Having aired for more than 20 seasons, the television show South Park has embedded itself in Colorado’s cultural history. Set in fictional South Park, Colorado, this television show was written by Trey Parker and Matt Stone – both former students of University of Colorado, Boulder. Given their Colorado background, it’s no surprise that their fictional television show often blurs the lines between made-up and real-world locations.
1. Casa Bonita
Casa Bonita is probably the most well-known real-world South Park location. It’s a family-style Mexican restaurant known for it’s sopapillas and cliff divers, both of which appear in South Park when the boys visit Casa Bonita during a birthday celebration. Casa Bonita embraces this inclusion in the television show, hiding tiny South Park characters around the premise for patrons to find. That’s no surprise – popular character Cartman loves this restaurant so much that he’s willing to convince his best friend that a world-ending apocalypse has occurred so that he can steal his spot on the party’s invite list.
Alright, this one isn’t official, but it’s important, so it’s stealing the second spot on the list. While there’s no official statement that says South Park is based on the town of Fairplay, Colorado, this is what most fans accept as truth. If you drive through Fairplay, it’s easy to see why. First, it’s located in South Park National Heritage Area, a large protected space that spans nearby plains and foothills in Park County. Fairplay also has rowed streets of multi-colored A-frame style buildings, as seen in the show. In addition to a similar style of building being present, there’s actually a “historic South Park” district that’s right in town. Plus, this tiny town is wrapped by mountains, very similar to what appears in the backdrop of South Park’s outdoor scenes.
So no, it’s not official, but Fairplay is generally considered to be the inspiration behind the town in the show. Fairplay plays it up, too, with cut-outs of characters hiding around town and a gift shop full of South Park merchandise.
3. Stark’s Pond
From time to time, the boys of South Park will often go to a place they refer to as “Stark’s Pond,” usually when they need to do something a bit nefarious. It makes multiple appearances in the show and is used for scenes where the characters simply need to escape the bustle of their small town. Believe it or not, this is a real pond found in Fairplay, Colorado – one of many reasons people assume that the show of South Park is directly based on Fairplay. It’s located a few blocks from downtown on Highway 285.
4. Cave of the Winds
Have you seen the episode featuring ManBearPig? The episode featuring Al Gore where Cartman eats a ton of fake gold while being trapped in a cave? That all goes down at Cave of the Winds, which is an outdoor recreation attraction in Colorado Springs. If you haven’t been there yet, you should check it out. There are cave tours, but there’s also a high-ropes course, a via ferrata, and a giant canyon swing, among other things.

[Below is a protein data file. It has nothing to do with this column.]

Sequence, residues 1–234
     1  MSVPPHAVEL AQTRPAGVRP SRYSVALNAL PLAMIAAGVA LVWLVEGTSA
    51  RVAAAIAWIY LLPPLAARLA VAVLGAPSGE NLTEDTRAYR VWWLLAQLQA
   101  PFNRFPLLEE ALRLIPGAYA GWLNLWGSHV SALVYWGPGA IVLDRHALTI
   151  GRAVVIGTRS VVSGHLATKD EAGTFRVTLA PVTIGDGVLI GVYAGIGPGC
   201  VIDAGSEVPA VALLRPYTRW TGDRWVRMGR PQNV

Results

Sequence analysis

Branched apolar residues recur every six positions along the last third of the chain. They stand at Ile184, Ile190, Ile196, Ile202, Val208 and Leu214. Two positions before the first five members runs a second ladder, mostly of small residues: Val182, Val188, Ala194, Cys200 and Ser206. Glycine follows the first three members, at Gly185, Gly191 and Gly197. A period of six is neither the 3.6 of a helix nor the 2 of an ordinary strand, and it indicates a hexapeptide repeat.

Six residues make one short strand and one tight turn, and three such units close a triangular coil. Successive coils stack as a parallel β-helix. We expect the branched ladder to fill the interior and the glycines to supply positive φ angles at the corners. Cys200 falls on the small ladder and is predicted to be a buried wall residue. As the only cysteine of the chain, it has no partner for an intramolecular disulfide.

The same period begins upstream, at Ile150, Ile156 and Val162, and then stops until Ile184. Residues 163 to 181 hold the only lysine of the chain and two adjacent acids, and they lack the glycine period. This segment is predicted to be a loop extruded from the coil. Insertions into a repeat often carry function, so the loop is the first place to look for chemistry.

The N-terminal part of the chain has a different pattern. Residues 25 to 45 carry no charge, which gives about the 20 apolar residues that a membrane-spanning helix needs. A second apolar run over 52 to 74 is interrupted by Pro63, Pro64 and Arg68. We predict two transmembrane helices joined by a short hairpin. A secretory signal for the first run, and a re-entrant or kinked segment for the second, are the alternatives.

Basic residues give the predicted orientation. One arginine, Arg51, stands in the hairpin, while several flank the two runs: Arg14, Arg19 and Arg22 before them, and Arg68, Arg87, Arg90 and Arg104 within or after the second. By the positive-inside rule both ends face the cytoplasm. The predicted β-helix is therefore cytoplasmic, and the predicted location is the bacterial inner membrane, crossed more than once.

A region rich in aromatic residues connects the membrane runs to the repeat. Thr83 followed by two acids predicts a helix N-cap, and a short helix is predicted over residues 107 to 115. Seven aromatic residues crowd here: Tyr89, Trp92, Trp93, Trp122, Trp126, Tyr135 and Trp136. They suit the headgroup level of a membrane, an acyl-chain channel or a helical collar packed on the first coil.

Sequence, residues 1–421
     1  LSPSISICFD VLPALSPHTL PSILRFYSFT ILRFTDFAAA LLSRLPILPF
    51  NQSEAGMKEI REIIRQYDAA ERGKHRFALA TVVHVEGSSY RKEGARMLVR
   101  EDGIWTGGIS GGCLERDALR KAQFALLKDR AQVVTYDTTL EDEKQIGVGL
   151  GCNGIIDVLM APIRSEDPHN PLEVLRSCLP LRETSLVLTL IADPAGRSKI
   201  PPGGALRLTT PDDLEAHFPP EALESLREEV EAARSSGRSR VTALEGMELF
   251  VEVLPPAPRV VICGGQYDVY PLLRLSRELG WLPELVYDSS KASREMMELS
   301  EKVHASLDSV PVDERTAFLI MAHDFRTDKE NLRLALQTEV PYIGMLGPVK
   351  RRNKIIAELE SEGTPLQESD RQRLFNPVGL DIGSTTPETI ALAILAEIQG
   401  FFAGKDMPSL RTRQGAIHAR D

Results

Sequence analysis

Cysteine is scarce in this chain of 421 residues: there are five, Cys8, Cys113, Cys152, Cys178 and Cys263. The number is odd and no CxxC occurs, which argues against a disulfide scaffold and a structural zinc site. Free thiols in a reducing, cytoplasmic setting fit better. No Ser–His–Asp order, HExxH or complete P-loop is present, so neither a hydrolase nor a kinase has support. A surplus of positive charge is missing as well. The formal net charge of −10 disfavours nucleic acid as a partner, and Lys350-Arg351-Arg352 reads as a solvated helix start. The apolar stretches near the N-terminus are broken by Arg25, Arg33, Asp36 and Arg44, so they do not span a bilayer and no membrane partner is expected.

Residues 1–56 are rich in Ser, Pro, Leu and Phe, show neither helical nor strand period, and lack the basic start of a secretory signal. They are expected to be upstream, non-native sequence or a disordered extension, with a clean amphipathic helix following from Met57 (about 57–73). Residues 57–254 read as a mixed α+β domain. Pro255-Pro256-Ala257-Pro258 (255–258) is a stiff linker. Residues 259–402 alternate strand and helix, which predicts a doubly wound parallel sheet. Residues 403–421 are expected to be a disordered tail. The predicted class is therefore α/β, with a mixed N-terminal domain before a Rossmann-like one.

5. Dillon Reservoir
This one isn’t officially mentioned, but if you’re familiar with the show and familiar with the Summit County area, you’ll notice that the similarities between what’s in the show and what you can visit are uncanny.
This one appears in an episode in which the boys accidentally wreck a boat, causing “the world’s largest beaver dam” to break on a reservoir resulting in the flooding of a nearby town, the fictional Beaverton. You’ll find a very, very similar set-up in Silverthorne, Colorado, with Dillon Reservoir nestled above the city. It’s roughly an hour from Fairplay, Colorado – the town most likely behind the inspiration for South Park.
6. Colfax Avenue
Referenced several times as a shady street in Denver, Colfax Avenue makes an appearance in several episodes including one where popular character Jimmy searches for love. Believe it or not, this road is a very real place, once referred to as “the longest, wickedest street in America” by Playboy Magazine. If you’re interested in reading more about it and its very interesting past, I wrote a piece for you about that and it can be found here.
7. Java Moose
Another South Park location that seems to simply go by a different name in the show, Fairplay’s Java Moose has an uncanny resemblance to Tweek’s Coffee. Next time you’re in town, stop by for a cup.
8. Cheyenne Mountain
A mountain that towers over Colorado Springs, most well-known for being home to NORAD, Cheyenne Mountain makes an appearance in an episode in which the area is being taken over by a Rosie O’Donnell/Trapper Keeper hybrid. Yep, you read that right.
9. Four Mile Historic Park
A pioneer museum that features more than 12 acres of educational features, Four Mile Historic Park unofficially makes an appearance in an episode where the boys go on a field trip to learn about Colorado’s past, only to have the educational park they’re at be taken over by criminals looking for the password to a high-tech safe. Unfortunately, things go from bad to worse when all of the adults on the premise refuse to break their pioneer-era characters, thus are unable to open the digital safe.
10. Cherry Creek, Colorado
There’s an episode where the boys manipulate wealthy kids in a scheme involving the tooth fairy. This goes down in Cherry Creek, a part of Denver.
11. Coors Field
Home to the Rockies, Coors Field is featured in two episodes of South Park – “Professor Chaos (2002) and “The Losing edge” (2005).
That’s our list! Did we miss one? Let us know in the comments.